Search results for: Dyslexia
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The Impact of Immersive Virtual Reality on Educators’ Awareness of the Cognitive Experiences of Pupils with Dyslexia
The purpose of this study was to test the effectiveness of VR technology in enhancing the teacher’s knowledge and awareness of dyslexia, a phenomenon that is very difficult to explain. Eighty teachers of various subjects from a variety of schools in the Tel Aviv metropolitan area participated in this study. The research results clearly suggested that experiencing a variety of simulated types of dyslexia via virtual reality can bring about a greater improvement in teacher awareness of the dyslexic pupil’s cognitive experiences than is achieved by viewing a film about dyslexia.
Updated: Oct. 10, 2011
The current article sheds light onto teachers with dyslexia in Finnish and English further and higher educational settings.The purpose of this qualitative study was two-fold: first, to discover what teachers with dyslexia could tell us about the manifestation of dyslexia and the challenges they face in the practice of teaching, and second, to find out what these professionals feel about being a dyslexic teacher. Teachers' narratives revealed that they had accepted their difficulties but also discovered their own strengths to overcome them.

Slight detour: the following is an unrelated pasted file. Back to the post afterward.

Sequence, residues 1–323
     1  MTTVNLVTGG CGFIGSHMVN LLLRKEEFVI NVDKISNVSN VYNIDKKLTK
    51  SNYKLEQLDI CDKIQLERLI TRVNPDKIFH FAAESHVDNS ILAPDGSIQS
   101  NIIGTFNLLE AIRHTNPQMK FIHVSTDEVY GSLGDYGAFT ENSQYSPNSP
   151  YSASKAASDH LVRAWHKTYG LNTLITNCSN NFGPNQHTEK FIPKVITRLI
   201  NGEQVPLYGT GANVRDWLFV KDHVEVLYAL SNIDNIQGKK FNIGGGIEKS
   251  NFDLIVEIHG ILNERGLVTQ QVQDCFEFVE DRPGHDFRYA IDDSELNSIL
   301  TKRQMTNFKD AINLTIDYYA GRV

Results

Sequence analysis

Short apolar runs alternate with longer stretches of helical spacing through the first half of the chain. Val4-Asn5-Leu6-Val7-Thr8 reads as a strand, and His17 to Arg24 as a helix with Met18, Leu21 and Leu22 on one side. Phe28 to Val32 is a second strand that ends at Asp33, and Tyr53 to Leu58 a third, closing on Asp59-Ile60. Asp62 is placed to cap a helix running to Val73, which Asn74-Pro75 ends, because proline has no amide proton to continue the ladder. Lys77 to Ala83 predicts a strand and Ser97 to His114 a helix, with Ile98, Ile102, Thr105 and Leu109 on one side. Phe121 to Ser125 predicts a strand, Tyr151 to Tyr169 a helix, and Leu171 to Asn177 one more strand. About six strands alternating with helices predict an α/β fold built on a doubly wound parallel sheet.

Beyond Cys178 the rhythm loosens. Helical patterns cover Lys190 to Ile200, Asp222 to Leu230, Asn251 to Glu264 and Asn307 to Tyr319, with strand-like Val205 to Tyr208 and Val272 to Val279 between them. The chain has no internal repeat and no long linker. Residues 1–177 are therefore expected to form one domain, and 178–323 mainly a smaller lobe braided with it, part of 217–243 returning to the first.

Updated: Jun. 18, 2011
The authors explored the beliefs of teacher candidates, from various levels of training, regarding the effectiveness of potential interventions for childhood disorders. They were primarily interested in participants’ responses to three categories of interventions: (a) evidence-based, (b) controversial, and (c) primarily anecdotal. 351 Students from three educational levels participated in this study. The authors found that the participants’ endorsement levels across three types of disorders (autism, Attention Deficit Hyperactivity Disorder [ADHD], and dyslexia) varied but not in a consistent manner, with only a few noticeable trends across interventions.
Updated: May. 13, 2009
The article explores the common concerns about education and neuroscience, and the scientific neuroscience. It examines in-principle differences in methods, data, theory, and philosophy. The other set of concerns is pragmatic: considerations of costs, timing, locus of control, and likely payoffs.
Updated: Sep. 18, 2008